FFE Magazine

Team of foreign observers arriving for May polls



MANILA, Philippines – Twenty-five foreign observers from eight countries will observe the conduct of the country’s second automated elections on May 13.

During the launch yesterday of the International Observers Mission 2013, the Compact for Peaceful and Democratic Elections (COMPACT) said the observers from the United States, Germany, Spain, Burma, Thailand, Australia, Mongolia, and Uganda would be coming to watch the upcoming polls.

COMPACT co-convenor Ramon Casiple said the observers would be divided into five teams and deployed to various areas like the Autonomous Region in Muslim Mindanao, Nueva Ecjia, Pampanga, Camarines Sur, Masbate, Samar, Dinagat Island, and Manila.

Casiple noted these areas were chosen because of their political history, particularly on election-related violence and fraud, and have a local and formal organization that would be willing to host the foreign observers.

The group that the Commission on Elections (Comelec) has accredited will also take into consideration the security situation in the areas to ensure the safety of the foreign observers.

The international observers will be deployed in certain areas “based on their election monitoring experience, expertise, and interests,” he added.

The observers will be focusing on five “key election issues and challenges.” These are the precinct count optical scan machines and human factor, voter’s lists, vote-buying and vote denial mechanisms, election violence, permit to carry and permit to win, and political dynasty.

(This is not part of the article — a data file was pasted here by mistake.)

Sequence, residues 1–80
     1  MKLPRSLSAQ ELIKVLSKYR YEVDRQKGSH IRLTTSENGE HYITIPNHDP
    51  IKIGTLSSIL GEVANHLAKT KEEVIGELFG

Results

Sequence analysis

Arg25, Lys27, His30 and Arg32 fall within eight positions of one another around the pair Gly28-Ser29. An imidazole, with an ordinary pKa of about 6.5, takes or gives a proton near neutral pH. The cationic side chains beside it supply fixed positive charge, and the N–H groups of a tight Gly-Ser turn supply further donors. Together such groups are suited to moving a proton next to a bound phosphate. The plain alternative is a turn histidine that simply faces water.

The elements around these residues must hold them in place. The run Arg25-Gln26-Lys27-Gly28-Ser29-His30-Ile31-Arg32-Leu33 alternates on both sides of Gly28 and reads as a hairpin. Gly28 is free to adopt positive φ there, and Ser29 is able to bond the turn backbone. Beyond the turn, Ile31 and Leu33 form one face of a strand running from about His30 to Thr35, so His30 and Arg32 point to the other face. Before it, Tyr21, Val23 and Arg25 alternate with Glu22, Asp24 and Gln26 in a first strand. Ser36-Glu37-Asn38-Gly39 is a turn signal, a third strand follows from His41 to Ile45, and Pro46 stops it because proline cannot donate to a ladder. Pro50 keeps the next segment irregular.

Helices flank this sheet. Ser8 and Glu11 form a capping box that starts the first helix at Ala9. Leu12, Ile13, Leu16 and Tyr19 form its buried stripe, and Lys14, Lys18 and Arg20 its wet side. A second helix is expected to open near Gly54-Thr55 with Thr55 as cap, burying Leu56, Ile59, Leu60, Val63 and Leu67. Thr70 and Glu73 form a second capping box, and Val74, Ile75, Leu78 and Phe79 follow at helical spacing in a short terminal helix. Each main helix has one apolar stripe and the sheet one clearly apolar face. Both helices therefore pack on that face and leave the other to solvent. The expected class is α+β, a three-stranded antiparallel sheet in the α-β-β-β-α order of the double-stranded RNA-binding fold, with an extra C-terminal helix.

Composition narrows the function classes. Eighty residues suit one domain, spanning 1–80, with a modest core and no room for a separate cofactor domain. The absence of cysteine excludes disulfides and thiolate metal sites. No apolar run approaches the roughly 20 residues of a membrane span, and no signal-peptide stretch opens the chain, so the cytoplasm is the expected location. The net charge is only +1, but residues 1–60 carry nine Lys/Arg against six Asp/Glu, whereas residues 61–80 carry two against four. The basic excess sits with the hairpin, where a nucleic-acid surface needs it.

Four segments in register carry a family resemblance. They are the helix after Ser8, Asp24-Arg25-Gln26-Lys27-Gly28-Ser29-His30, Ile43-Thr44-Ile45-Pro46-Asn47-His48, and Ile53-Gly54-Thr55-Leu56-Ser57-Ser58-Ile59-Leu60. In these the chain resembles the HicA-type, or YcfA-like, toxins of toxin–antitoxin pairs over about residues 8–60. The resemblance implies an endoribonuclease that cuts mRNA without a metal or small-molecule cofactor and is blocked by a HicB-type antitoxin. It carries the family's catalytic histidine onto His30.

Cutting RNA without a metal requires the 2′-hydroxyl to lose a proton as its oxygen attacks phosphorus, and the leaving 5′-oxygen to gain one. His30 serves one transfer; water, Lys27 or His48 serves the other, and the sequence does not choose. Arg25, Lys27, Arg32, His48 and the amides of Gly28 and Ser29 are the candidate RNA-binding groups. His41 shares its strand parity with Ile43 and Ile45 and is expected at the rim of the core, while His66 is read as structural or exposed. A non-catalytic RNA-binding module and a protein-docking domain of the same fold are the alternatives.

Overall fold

Under Comelec Resolution 9652, the foreign observers would have the authority to conduct brief interviews with the chairman and members of the Board of Election Inspectors (BEIs) inside the polling places and with voters and other persons outside the polling stations.

They are, however, “prohibited to aid any candidate or political party directly or indirectly, take part or influence in any manner the conduct of the elections, contribute or make any expenditure in connection with any election campaign or partisan political activity, enter any polling place without the consent of the chairman of the BEI concerned, and mingle and talk with voters inside any polling place, or otherwise disrupt the proceedings in the polling place.”

The resolution stated that observers are required to submit their reports to the Comelec at the end of their mission.

Violating these provisions shall be punishable with one to six years imprisonment and deportation after the penalty has been served.



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